New Zealand go into this series, somehow without a Test victory all year. After gloriously trashing England in March, New Zealand couldn’t cap that performance off with a win. 0-0, looked good, but getting crushed in South Africa and England didn’t, so it’s been a largely sub-par year. It’s now two years since that glorious Test in Hobart, an epochal victory which seemed set to usher in a new age of Kiwi decentness; but since then, it’s mainly been a stuttering affair, staggering individual performances and matches aside, New Zealand have underperformed: the 0-2 defeat in the Caribbean last summer being perhaps the most disappointing failure.

That series marked the beginning of a run of six consecutive Test victories in a row for the boys in maroon, A RETURN TO THE GLORY DAYS! Well, not quite, as two of these were against a woefully mis-matched and underprepared Zimbabwe; their latest victories came in Bangladesh, which shouldn’t be scoffed at these days (New Zealand looked – in spite of the rain – fairly flat in drawing 0-0 there a few months ago). Destroyed in the ‘Sachin’ Tests, the West Indies looked like the stripper-at-the-party they were probably supposed to play; nonetheless it was disappointing to see such performances from an ever improving side.

This is what makes this series such an intriguing one: these two teams are primarily young ones, with talented players who could invite mimicry and adoration in the future: Kane Williamson (though missing from this Test) is a future Kiwi captain and potentially one of the best batsmen the country may have produced in the modern era; Ish Sodhi is a legspinner, in New Zealand! The likes of Darren Bravo, Kieran Powell, Trent Boult and Aaron Redmond (har de har) could play a hundred Tests, or hit a seminal ton, or bowl a spell remembered throughout the history of the game. Though New Zealand and the West Indies could be considered to be at a low ebb of their cricketing history, there is so much bloody promise, and hey: a Test match is a Test match, there is already too few of them played a year, enjoy it.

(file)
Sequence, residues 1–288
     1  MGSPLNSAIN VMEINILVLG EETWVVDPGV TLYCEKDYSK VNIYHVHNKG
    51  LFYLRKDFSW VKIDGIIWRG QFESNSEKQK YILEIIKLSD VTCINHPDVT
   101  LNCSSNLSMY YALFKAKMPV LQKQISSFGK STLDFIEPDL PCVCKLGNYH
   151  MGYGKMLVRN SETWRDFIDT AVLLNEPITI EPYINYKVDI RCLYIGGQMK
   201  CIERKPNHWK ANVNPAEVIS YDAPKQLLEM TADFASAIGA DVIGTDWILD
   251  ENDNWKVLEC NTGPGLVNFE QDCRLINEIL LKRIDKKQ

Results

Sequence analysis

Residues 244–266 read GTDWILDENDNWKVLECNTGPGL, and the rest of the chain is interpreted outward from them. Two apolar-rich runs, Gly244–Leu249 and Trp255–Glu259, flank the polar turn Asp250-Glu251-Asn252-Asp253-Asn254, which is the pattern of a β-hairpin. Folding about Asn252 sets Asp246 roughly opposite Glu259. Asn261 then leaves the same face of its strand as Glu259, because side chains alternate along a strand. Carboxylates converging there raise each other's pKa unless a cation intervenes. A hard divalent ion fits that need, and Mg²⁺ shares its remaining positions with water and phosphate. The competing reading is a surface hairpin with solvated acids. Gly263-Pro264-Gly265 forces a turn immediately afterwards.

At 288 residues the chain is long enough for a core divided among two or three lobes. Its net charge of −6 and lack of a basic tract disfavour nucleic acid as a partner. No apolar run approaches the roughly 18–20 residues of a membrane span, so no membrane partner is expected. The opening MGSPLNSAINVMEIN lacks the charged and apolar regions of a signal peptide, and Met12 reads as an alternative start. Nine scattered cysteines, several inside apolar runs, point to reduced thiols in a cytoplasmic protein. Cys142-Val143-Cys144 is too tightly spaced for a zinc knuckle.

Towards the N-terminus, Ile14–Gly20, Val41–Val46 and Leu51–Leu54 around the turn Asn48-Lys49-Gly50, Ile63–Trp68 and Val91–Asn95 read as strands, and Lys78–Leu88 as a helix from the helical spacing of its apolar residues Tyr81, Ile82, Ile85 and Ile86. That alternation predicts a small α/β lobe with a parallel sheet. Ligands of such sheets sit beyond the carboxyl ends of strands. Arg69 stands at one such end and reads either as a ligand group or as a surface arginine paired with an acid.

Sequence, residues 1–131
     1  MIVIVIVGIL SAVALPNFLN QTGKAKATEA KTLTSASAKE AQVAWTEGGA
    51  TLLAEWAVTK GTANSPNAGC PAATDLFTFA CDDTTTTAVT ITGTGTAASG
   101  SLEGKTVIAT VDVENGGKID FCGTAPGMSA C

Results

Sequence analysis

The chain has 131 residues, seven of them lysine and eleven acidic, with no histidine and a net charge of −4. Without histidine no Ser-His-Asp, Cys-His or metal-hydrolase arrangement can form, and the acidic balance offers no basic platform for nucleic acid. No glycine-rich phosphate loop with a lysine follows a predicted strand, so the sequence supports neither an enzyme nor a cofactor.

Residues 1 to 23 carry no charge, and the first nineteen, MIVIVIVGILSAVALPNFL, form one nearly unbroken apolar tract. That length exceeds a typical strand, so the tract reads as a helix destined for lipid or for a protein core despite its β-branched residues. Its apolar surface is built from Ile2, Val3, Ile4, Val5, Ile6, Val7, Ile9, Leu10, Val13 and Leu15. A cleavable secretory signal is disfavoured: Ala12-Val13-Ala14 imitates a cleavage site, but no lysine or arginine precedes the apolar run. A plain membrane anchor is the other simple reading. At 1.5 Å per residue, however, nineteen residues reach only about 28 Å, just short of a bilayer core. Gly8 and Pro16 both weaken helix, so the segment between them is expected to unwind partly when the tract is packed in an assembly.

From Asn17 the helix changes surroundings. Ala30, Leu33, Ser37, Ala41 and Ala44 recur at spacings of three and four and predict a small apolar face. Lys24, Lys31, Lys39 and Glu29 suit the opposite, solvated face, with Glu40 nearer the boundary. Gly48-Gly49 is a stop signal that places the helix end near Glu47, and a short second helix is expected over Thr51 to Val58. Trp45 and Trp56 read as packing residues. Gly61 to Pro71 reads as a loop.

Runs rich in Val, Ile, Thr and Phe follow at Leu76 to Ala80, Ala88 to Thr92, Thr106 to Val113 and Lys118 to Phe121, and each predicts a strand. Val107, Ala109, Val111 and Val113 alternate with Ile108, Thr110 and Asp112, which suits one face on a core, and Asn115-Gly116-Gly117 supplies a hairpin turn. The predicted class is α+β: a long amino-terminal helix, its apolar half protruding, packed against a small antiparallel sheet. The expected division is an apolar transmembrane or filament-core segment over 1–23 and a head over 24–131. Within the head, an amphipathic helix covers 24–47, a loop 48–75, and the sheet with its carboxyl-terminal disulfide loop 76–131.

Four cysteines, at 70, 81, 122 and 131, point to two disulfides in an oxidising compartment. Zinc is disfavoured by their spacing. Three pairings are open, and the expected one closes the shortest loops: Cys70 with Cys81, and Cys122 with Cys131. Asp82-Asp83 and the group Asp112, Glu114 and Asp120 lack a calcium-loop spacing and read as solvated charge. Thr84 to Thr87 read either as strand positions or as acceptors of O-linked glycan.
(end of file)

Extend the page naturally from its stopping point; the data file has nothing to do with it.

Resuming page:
The match itself is sure to be an interesting conflict, as the West Indies are probably going to be forced to battle with Arctic winds at some point of the Test. Minus key performers such as Chris Gayle and Kemar Roach, a lot will be expected from their young top order and the infamously inconsistent shoulders of Tino Best. New Zealand’s seam attack looks strong, and the faith shown in Sodhi is lovely. There’s all sorts to be positive about, so bugger the Ashes for a few days, and enjoy a proper tussle.

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Australia, I’m sorry.

In the glorious violence of boxing, there is an oft used expression: when a boxer enters the ring he doesn’t want to come in cold; he will want to enter the ring having broken a light sweat in the training room, this way his limbs will be loose to throw bombs and his face ready to be battered by several hundred punches over a weird-as-hell 40-odd minutes.

Yeah, it’s strange that boxing is still a multi-billion dollar industry really.

Now I consider myself to be a decent guy who can admit when he’s wrong; I also consider myself as a rather less than typical cricket fan, in that I primarily enjoy the spectacle of the sport than the performance of my ‘team’.

When I tweeted a few days before this series that Australia didn’t stand a chance and that their defeat was guaranteed, I felt slightly dirty: I’m not used to making such popular statements. I mean Christ, me and Sir Beefy Botham were in agreement. I knew then that I had fucked up.

As we stand here, at the end of the first three days of play at Brisbane, Australia seem nailed on certainties to take a one-nil lead in this Ashes series. England have two days to bat out with eight wickets in hand; the way they’ve been batting and Australia bowling, I can’t see them lasting tomorrow.